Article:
SINGAPORE- Singapore researchers have led the charge in decoding the elephant shark genome - the first from the shark family.
The work by 33 scientists in six countries shows how people and animals evolved from their sea-dwelling ancestors hundreds of millions of years ago, and has opened new avenues for bone disease and immunology research, scientists said.
The elephant shark is one of the cartilaginous fishes. This is the oldest living group of jawed vertebrates or animals with backbones that diverged from bony vertebrates - our predecessors - about 450 million years ago.
It was chosen because of its small genome - roughly one-third the size of humans'.
The deep-sea fish has been the slowest-evolving and least changed genome of all vertebrates, the scientists found.
"The slow-evolving genome of the elephant shark is probably the best proxy for the ancestor of all jawed vertebrates that became extinct a long time ago," said genome scientist Byrappa Venka-tesh, who heads the effort.
"So this work is a cornerstone for improving our understanding of the development and physiology of human and other vertebrates as we can see what has been added and what has been lost in 450 million years."
He also leads part of an international team that aims to decode the genetic make-up of thousands of animals called the Genome 10K project - the most ambitious endeavour since the Human Genome Project mapped the DNA of humans in 2001.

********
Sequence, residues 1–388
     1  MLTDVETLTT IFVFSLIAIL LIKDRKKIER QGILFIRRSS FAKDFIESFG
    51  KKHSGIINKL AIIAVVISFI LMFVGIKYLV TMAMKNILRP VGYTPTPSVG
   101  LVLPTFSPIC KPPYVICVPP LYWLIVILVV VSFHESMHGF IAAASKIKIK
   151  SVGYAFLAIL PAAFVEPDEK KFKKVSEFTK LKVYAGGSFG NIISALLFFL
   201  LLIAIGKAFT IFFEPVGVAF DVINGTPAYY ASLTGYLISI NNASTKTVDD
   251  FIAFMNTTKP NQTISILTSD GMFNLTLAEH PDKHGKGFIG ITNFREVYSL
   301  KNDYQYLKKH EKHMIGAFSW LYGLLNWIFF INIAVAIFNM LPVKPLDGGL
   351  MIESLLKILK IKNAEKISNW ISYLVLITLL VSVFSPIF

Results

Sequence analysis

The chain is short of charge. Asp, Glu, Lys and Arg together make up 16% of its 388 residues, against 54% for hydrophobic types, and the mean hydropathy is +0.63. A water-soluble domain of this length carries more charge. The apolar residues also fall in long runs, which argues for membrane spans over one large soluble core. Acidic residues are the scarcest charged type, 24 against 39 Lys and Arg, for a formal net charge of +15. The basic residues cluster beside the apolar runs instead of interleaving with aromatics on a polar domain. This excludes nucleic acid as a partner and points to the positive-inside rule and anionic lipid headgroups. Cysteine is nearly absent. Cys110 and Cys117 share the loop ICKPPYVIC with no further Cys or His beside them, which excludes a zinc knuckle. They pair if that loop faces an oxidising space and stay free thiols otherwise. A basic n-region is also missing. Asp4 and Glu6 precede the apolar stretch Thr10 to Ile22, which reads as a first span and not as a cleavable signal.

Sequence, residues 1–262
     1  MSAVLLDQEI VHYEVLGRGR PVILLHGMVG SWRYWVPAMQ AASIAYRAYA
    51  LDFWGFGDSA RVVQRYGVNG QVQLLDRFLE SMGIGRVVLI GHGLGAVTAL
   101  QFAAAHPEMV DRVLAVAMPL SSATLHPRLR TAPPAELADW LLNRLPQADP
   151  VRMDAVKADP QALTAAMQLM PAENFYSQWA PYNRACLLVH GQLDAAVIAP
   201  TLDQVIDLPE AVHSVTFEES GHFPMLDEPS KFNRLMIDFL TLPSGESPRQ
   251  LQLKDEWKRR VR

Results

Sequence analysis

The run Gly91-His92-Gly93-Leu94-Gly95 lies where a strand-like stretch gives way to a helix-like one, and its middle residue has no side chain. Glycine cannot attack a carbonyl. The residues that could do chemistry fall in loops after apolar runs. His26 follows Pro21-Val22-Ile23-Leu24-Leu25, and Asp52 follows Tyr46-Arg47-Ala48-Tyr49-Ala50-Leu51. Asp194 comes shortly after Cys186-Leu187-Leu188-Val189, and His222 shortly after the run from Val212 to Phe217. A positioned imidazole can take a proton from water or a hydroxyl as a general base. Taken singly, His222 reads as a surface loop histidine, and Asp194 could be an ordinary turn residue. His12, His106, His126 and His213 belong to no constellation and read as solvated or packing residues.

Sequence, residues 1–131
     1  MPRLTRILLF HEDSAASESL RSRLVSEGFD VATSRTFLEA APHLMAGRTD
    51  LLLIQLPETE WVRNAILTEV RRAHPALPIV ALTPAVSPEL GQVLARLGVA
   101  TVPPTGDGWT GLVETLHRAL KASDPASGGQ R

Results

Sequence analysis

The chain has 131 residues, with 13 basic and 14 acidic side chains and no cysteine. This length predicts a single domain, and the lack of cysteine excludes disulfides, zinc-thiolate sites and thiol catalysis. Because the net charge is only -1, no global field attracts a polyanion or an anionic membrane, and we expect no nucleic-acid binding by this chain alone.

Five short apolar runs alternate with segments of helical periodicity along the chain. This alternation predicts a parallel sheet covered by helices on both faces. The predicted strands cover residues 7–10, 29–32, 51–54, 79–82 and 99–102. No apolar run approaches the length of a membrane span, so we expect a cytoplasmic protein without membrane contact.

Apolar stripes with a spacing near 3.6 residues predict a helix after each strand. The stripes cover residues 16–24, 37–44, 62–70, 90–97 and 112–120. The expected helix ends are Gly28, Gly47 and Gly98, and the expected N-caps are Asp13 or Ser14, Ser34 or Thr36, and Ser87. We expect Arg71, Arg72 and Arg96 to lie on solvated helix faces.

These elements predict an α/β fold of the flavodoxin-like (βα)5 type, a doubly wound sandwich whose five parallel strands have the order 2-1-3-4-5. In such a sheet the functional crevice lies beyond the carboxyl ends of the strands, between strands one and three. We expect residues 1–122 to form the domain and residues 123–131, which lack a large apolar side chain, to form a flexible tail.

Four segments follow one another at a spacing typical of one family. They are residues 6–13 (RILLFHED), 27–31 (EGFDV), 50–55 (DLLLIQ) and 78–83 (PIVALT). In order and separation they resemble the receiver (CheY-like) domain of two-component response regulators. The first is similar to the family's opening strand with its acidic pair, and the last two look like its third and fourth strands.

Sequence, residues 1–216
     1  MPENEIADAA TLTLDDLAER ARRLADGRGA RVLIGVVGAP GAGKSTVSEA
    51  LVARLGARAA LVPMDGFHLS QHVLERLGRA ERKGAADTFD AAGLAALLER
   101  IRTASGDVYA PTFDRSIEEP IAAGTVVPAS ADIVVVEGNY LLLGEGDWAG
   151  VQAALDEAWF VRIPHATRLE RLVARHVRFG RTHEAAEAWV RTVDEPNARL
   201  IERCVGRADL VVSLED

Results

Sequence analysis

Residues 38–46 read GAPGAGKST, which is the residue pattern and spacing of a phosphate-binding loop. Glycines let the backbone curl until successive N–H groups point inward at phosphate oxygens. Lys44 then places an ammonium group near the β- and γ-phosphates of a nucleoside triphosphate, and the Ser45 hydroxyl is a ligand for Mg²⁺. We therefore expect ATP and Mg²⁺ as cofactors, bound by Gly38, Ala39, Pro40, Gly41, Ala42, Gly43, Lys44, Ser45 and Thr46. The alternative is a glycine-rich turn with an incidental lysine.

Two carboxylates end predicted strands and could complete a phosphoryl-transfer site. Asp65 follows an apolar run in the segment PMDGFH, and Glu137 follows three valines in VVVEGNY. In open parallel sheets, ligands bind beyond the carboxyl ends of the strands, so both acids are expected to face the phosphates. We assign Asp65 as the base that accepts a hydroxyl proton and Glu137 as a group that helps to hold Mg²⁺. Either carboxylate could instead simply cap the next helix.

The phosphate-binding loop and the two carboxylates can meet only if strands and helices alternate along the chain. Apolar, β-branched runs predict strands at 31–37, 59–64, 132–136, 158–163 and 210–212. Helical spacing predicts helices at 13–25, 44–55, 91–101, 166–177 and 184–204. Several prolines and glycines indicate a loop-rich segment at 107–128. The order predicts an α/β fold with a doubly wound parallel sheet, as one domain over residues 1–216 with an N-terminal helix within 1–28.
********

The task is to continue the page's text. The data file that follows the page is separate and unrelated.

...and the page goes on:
The work will let researchers see evolution in action by comparing animal and human genomes to reconstruct their evolutionary history, and predict how animals will respond to challenges such as climate change and pollution.
For instance, the latest effort comparing the elephant shark genome with the chemical blueprints of human and other vertebrates has revealed why the skeleton of sharks consists largely of cartilage instead of bones, said Prof Venkatesh, research director at the Institute of Molecular and Cell Biology, A*Star (Agency for Science, Technology and Research).
A family of genes found in all bony vertebrates was absent in the elephant shark, and when one of the genes was removed from the zebrafish, their bone formation depleted.
Bones were a major part of animals' evolution, explained Prof Venkatesh, because aquatic animals would have needed a scaffold to bear their body weight, and a calcium reservoir, when they made the transition onto land. By knowing which genes are involved in making and repairing bones, researchers can produce better drugs and treatments for diseases such as osteoporosis.
Said IMCB executive director Hong Wanjin: "This is a real breakthrough, which helped identify the genes important in bone formation in humans, so we can find ways to enhance or even inhibit bone formation to treat various diseases."
One unexpected finding, Prof Venkatesh noted, was that the elephant shark appears to lack special immune cells previously considered crucial for defending against viral and bacterial infections, and preventing autoimmune diseases such as diabetes and rheumatoid arthritis.
Despite their seemingly primitive immune system and their lack of special T-cells which help humans fight infection, sharks are healthy and have long lives - and this could point the way towards new treatments to improve immunity in people.
The work made the cover of the prestigious journal Nature this week.
Commenting on the work, Professor Rudolf Meier of the National University of Singapore's Biological Sciences department and Acting Director of Raffles Museum of Biodiversity Research said: "It's, of course, important to have all the branches in the trees of life represented in genomics, to be able, for instance, to reconstruct gene evolution and see where genes changed and novel traits emerged.
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